Document Detail


Slower recovery after two-incision than mini-posterior-incision total hip arthroplasty. Surgical technique.
MedLine Citation:
PMID:  19255200     Owner:  NLM     Status:  MEDLINE    
Abstract/OtherAbstract:
BACKGROUND: It has been claimed that the two-incision total hip arthroplasty technique provides quicker recovery than other methods do. To date, however, there have been no studies that have directly compared the two-incision technique with another method in similar groups of patients managed with the same advanced anesthetic and rehabilitation protocol. We posed the hypothesis that patients managed with two-incision total hip arthroplasty would recover faster than those managed with mini-posterior-incision total hip arthroplasty and designed a randomized controlled trial specifically (1) to determine if patients recovered faster after two-incision total hip arthroplasty than after mini-posterior-incision total hip arthroplasty as measured on the basis of the attainment of functional milestones that reflect activities of daily living, (2) to determine if the general health outcome after two-incision total hip arthroplasty was better than that after mini-posterior-incision total hip arthroplasty as measured with Short Form-12 (SF-12) scores, and (3) to evaluate the surgical complexity of the two procedures on the basis of the operative time and the prevalence of early complications. METHODS: Between November 2004 and January 2006, seventy-two patients undergoing total hip arthroplasty were randomized to two treatment groups: one group was managed with the two-incision technique, and the other group was managed with the mini-posterior-incision technique. The two-incision group comprised thirty-six patients (twenty men and sixteen women) with a mean age of sixty-seven years and a mean body mass index of 28.7. The mini-posterior-incision group comprised thirty-six patients (twenty men and sixteen women) with a mean age of sixty-six years and a mean body mass index of 30.2. All patients received the same design of uncemented acetabular and femoral components and were managed with the same comprehensive perioperative pain management and rapid rehabilitation protocol. Operative times and complications were recorded. At two months and one year, all patients were assessed with regard to functional outcome and general health outcome. RESULTS: The patients in the two-incision group recovered more slowly than did those in the mini-posterior-incision group as measured on the basis of the mean time to discontinue a walker or crutches, to discontinue all walking aids, and to return to normal daily activities. The clinical outcome as measured on the basis of the SF-12 scores was similar at both two months and one year postoperatively. The two-incision total hip arthroplasty was a more complex surgical procedure, with a mean operative time that was twenty-four minutes longer; however, the rate of complications (2.8%; one of thirty-six) was the same in the two groups. CONCLUSIONS: Our hypothesis that the two-incision technique for total hip arthroplasty would substantially improve the short-term recovery after total hip arthroplasty compared with the mini-posterior-incision technique was not proved; instead, the patients managed with the mini-posterior-incision technique had the quicker recovery.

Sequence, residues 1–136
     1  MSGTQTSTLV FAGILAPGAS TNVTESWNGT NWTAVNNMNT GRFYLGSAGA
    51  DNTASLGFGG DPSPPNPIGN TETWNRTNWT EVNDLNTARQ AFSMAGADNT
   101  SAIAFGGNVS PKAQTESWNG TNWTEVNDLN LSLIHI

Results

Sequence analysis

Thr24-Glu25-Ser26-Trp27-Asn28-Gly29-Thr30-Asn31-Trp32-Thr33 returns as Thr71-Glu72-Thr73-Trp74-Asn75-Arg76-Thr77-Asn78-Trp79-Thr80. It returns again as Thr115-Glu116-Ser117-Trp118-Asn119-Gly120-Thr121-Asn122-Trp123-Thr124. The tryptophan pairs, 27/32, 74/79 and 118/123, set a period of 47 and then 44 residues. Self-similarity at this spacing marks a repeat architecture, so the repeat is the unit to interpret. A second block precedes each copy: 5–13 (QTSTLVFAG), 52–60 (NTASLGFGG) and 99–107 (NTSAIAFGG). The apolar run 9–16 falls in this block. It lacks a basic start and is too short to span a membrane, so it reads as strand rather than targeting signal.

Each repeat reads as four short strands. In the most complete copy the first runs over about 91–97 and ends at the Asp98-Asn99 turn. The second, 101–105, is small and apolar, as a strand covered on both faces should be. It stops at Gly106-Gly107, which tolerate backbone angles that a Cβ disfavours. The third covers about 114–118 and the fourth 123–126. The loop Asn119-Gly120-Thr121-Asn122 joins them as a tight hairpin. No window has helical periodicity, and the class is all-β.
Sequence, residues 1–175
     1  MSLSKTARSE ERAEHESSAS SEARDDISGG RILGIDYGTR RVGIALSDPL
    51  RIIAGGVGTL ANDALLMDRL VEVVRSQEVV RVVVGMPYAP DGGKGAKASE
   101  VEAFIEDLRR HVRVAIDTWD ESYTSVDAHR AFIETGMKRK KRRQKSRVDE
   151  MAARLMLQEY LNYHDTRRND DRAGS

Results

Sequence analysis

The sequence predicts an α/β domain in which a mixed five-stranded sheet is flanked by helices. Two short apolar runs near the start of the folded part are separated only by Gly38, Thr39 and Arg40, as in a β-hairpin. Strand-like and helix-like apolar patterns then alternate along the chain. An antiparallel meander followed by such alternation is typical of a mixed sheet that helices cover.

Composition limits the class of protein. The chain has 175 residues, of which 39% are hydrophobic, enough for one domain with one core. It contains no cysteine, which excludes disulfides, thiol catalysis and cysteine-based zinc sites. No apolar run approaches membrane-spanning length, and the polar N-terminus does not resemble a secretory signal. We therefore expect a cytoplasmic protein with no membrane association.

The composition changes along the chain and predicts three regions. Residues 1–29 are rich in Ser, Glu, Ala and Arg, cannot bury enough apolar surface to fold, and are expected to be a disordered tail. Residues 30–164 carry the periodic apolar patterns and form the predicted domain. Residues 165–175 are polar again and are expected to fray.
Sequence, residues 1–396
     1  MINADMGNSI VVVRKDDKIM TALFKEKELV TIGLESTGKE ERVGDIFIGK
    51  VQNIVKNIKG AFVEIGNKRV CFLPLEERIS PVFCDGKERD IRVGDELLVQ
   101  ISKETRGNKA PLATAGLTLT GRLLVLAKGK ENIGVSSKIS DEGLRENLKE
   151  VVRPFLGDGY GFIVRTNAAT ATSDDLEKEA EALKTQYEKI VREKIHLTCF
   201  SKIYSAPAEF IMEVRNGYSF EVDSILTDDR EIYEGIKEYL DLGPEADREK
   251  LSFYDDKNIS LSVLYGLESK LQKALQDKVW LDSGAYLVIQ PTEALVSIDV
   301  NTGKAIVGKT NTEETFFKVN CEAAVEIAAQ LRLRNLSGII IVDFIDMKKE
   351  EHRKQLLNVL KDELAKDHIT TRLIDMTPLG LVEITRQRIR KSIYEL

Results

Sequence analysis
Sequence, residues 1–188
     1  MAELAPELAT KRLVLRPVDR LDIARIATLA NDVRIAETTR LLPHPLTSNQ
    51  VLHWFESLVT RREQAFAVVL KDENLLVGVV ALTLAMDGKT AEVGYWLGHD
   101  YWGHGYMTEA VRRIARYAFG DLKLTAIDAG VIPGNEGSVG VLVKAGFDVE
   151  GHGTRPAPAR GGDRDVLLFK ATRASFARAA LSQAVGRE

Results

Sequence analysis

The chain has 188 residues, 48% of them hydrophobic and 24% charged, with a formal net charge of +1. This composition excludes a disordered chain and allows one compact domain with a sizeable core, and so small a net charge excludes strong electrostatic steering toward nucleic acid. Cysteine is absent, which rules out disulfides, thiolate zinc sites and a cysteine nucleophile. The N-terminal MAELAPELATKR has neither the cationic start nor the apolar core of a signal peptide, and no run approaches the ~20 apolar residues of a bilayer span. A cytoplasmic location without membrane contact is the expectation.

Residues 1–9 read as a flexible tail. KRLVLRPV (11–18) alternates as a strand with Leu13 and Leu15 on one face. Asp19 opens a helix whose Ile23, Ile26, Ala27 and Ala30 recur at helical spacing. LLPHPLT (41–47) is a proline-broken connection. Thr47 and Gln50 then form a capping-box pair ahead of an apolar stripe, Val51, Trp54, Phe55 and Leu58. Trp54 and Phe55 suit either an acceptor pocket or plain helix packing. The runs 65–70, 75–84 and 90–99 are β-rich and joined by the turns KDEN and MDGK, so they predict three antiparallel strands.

Authors:
Mark W Pagnano; Robert T Trousdale; R Michael Meneghini; Arlen D Hanssen
Publication Detail:
Type:  Comparative Study; Journal Article; Randomized Controlled Trial    
Journal Detail:
Title:  The Journal of bone and joint surgery. American volume     Volume:  91 Suppl 2 Pt 1     ISSN:  1535-1386     ISO Abbreviation:  J Bone Joint Surg Am     Publication Date:  2009 Mar 
Date Detail:
Created Date:  2009-03-03     Completed Date:  2009-04-01     Revised Date:  2010-10-25    
Medline Journal Info:
Nlm Unique ID:  0014030     Medline TA:  J Bone Joint Surg Am     Country:  United States    
Other Details:
Languages:  eng     Pagination:  50-73     Citation Subset:  AIM; IM    
Affiliation:
Department of Orthopedic Surgery, Mayo Clinic, 200 First Street S.W., Rochester, MN 55905, USA. pagnano.mark@mayo.edu
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MeSH Terms
Descriptor/Qualifier:
Aged
Arthroplasty, Replacement, Hip / adverse effects,  instrumentation,  methods*,  rehabilitation
Female
Humans
Male
Patient Selection
Postoperative Complications
Recovery of Function
Surgical Instruments
Surgical Procedures, Minimally Invasive / instrumentation,  methods
Suture Techniques
Time Factors

From MEDLINE®/PubMed®, a database of the U.S. National Library of Medicine


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